OB: I would say it clicked for me at my first camp up in Indianapolis. It was called MSHTV and it just happened when I played against other top players and saw where I was amongst my peers. It just opened my eyes even more and that’s when I gained a bigger point of view on the game of basketball and really started to take off.


PI: What are your current measurements?


OB: Right now I’m about 6’7.5” with shoes, 212 pounds, and a 7’1” wingspan.


PI: Where do you get your height from?


OB: I’d say mostly from my father. I heard that he’s a tall dude, so I’d say him. My mom is a tall woman, so I think that’s where it’s coming from, too.


PI: Are your siblings tall, as well?


OB: Yeah, most of them are. We have a range of 6’6” to 6’8”.


PI: For those who aren’t familiar with your game, what are your greatest strengths?


OB: I would say I’m very versatile...an elite defender who can play one-through-five. After that, I would say a dominant 15-foot game, a developing shot, and I’d say just a very versatile all-around game.


PI: What are some things you still need to work on?


OB: Right now I’m solely focusing on one-dribble pull-ups. Finding my spots and shooting from there. My shot mechanics — continuing to shoot over and over again.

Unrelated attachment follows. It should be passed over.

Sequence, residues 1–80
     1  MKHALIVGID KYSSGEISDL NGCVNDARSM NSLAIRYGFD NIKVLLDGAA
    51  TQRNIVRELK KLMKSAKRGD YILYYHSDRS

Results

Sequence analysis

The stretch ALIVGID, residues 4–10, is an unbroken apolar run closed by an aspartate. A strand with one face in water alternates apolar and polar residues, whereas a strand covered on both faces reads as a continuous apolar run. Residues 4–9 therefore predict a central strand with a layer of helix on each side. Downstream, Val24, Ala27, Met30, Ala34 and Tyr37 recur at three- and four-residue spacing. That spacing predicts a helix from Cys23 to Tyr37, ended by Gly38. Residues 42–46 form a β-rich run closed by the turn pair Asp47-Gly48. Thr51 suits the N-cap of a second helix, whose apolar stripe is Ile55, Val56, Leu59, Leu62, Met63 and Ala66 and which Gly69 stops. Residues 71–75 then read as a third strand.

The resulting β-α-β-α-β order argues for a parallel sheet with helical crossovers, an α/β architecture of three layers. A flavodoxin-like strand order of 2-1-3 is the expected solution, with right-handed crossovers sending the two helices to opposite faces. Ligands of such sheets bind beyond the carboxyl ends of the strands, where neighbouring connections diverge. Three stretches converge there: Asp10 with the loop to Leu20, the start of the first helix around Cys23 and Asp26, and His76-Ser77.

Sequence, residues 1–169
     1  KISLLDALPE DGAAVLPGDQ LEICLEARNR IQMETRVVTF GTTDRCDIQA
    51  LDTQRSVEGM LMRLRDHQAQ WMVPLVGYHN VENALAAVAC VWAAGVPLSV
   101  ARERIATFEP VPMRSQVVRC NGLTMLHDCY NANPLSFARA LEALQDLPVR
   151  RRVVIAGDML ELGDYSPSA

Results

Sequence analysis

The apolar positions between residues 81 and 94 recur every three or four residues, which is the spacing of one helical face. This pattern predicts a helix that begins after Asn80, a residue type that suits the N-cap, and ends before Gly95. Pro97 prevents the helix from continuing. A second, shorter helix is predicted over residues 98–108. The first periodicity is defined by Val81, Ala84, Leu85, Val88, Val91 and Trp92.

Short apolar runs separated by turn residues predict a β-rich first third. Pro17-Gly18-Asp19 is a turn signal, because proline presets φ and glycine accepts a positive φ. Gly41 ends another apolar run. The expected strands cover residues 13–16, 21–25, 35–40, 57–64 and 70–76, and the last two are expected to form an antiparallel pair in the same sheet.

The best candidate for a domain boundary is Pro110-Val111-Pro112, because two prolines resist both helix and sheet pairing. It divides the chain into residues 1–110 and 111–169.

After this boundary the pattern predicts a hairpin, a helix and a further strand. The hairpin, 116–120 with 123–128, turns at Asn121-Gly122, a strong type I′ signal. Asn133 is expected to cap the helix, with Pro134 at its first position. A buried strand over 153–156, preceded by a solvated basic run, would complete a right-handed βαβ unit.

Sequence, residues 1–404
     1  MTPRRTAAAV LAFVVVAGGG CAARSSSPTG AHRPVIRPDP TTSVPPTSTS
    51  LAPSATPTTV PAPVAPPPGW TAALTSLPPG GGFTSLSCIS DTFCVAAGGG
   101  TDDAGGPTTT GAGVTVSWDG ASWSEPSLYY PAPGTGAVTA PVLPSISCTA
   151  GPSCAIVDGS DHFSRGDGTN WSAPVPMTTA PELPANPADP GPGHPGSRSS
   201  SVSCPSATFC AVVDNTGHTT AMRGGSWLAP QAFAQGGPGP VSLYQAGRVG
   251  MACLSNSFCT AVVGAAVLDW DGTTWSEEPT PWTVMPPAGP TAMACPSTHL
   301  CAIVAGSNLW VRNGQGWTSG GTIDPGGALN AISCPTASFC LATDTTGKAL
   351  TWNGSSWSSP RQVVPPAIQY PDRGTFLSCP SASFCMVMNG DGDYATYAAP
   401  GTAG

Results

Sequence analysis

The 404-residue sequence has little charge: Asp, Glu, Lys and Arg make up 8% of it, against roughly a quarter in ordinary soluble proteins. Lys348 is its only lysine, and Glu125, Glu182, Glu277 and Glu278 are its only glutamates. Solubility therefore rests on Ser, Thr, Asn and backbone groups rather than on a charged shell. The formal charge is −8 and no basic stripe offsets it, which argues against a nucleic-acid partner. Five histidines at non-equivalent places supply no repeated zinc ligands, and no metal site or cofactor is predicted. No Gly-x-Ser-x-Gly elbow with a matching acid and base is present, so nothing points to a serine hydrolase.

PI: What would you say is most underrated about your game?


OB: People forget how skilled I am. They see more of my frame and they appoint me as a big and that kind of takes away my skill side of the game. So when they see me handling the ball, taking my man off the dribble they get surprised and it’s mind blowing to them.


PI: Describe this past season with Waukee.


OB: I would say it was a great season. Had great teammates and we pulled off the state championship. It was fun with the coaches. I would say it was a lot of ups and downs — even though we had a good team, there were points where everybody had to find their role and dig into it. Individually, I did all of the dirty work so I could achieve what we won at the end of the season. A lot of ups and downs for me, but we pulled off the state championship which is something I wanted before I left Iowa.


PI: What have you been able to show coaches/scouts this summer with MoKan Elite?


OB: MoKan was fun and I’ve learned a lot. It’s a really great program. Our coach is the best coach I’ve had with me ever and he showed me a lot of things about the game. I’m still learning, that’s what I like about MoKan. One thing I learned about them was playing within a structured AAU team, which most teams don’t do. It just allowed me to play smarter.


PI: Do you feel like you’ve tapped into another level of IQ with them?